Rebuilding a company culture after the pandemic

Company culture

The need for businesses to keep up continuity during the pandemic forced them to rapidly change their ways of working.

However, in order to ensure their ongoing growth, a longer-term approach to cultural transformation is needed.

By taking the opportunity to rebuild their company culture now, businesses can attract and retain much-needed talent, while setting themselves up for future success.

Focus on continuous improvement

The last six months have brought on significant changes to the working world, from the physical set up of offices to the services that businesses offer. By taking on board the lessons they have learned during the coronavirus outbreak and assessing areas of their organisation where improvements can still be made, businesses can rebuild their company cultures to be stronger than ever before.

Seek employee feedback

The rise of remote working during the coronavirus crisis has seen many employees benefitting from an improved work-life balance and greater flexibility. However, many workers will have also experienced challenges, such as being furloughed, worries about job security or concerns about balancing work and family commitments. As such, employers must take the workforce’s views and opinions into account before any long-term changes to working practices are set in stone.

Consider communication carefully

The development of an effective communications plan is essential to ensure that any proposed changes to ways of working are long-lasting. The last few months have emphasised the value of a more empathetic and flexible management style, so it makes sense to continue this wherever possible. This may involve reviewing existing management approaches. For example, before lockdown, managers may have had complete visibility of workers in a physical office space. However, the need for employees to work from home has led to leaders focusing more on workers’ outputs and adopting new ways of communicating.

Regular and open communication with the workforce, using a range of methods and platforms, is also important. For example, some employees may prefer the kind of face-to-face communication that video calls enable, over traditional audio calls. Ultimately, leaders should aim to build reassurance by checking in with employees regularly, without overwhelming them with constant messaging over many different platforms.

Remember that change is personal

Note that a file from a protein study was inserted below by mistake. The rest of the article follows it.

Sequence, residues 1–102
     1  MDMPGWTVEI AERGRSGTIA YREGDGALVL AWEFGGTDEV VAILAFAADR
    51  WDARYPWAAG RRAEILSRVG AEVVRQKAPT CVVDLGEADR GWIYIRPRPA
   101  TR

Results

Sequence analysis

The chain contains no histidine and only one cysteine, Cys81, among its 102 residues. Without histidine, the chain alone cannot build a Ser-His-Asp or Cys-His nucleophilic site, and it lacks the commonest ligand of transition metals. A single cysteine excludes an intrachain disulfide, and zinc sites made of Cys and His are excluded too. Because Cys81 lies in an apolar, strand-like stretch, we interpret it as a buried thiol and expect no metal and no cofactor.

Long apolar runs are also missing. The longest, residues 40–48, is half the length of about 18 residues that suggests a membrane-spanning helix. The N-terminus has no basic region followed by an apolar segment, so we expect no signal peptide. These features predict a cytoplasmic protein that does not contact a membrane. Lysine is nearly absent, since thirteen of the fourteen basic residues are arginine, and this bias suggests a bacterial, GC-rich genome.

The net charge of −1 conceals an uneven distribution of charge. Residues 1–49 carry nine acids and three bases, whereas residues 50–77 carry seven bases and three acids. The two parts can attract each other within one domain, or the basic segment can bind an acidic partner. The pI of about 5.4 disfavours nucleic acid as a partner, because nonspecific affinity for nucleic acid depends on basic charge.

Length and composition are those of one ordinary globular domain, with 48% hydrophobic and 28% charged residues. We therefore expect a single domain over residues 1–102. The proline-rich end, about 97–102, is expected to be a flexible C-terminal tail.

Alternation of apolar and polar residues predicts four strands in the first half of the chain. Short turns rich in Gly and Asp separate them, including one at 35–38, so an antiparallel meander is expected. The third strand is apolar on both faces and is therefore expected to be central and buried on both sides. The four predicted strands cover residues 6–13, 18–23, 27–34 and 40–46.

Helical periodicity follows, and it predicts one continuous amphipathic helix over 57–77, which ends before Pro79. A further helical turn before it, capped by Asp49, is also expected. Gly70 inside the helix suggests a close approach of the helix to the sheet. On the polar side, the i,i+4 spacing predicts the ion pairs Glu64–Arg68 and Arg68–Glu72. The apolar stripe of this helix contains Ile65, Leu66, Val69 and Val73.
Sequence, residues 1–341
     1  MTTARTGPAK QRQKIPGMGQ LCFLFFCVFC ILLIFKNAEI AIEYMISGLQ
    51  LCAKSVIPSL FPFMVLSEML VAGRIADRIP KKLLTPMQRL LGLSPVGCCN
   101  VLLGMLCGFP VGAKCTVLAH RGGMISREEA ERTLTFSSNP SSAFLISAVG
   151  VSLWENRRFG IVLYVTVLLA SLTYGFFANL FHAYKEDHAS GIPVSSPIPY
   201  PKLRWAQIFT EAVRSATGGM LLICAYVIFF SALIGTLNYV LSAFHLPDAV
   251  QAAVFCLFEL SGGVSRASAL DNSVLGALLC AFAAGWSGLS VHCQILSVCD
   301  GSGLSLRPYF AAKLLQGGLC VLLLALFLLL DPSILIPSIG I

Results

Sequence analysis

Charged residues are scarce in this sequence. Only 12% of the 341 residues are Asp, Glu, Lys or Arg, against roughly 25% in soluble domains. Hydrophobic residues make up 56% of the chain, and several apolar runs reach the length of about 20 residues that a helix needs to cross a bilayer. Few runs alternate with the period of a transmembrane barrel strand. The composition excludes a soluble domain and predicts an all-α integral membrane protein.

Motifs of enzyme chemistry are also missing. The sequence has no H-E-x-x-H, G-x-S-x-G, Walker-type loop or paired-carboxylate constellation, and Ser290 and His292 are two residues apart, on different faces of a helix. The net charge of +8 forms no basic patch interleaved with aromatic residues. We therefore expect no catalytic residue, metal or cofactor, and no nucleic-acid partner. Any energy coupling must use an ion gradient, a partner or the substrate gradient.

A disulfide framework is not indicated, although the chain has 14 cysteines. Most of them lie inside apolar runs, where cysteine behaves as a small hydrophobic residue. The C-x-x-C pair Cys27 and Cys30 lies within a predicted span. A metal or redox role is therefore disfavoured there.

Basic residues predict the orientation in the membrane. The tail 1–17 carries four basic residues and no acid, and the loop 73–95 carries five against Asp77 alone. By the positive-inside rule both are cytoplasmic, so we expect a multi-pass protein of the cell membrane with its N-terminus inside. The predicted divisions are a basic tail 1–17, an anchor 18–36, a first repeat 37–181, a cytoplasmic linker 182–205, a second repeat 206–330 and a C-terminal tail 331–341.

Effective communications plans should reflect the needs of each member of the organisation, as well as the range of channels needed to get the workforce on board with transformation. It is worth remembering that change can affect people in very different ways and can often raise insecurities in the initial stages. As such, it is vital to ensure that people know there’s someone to talk to, should they have any queries or concerns. Expectation management is also critical at the start of the change process; promising unrealistic benefits may raise obstacles further down the line, negatively impacting company culture.

Messaging around alterations in working practices should also be carefully considered. By planning this thoroughly, business leaders can stay in control by keeping communication honest, respectful and consistent at all times. If employees have a clear understanding of why changes are happening and what the benefits are for them, they are more likely to trust the process.

Keep the team connected

Many organisations will likely continue to support remote working arrangements moving forward. However, this should not come at the expense of company culture and leaders should think creatively about ways to keep up the team dynamic. For example, could some face-to-face social events be replaced with virtual catch-ups, enabling the team to socialise outside of the working setting? Managers should also encourage regular group check-ins to ensure that everyone is aware of the business’ agenda, regardless of where people are physically working.

The UK business landscape has changed beyond recognition in the past few months, and it is likely that many employees will not want to revert completely to old ways of working. By remembering people at every stage of cultural change and prioritising close collaboration with the workforce, companies can ensure that any changes they make are for the better and stand the test of time.

Matthew Garrett is a programme manager and Eman Al-Hillawi is a principal consultant and co-founder at business change consultancy, Entec Si.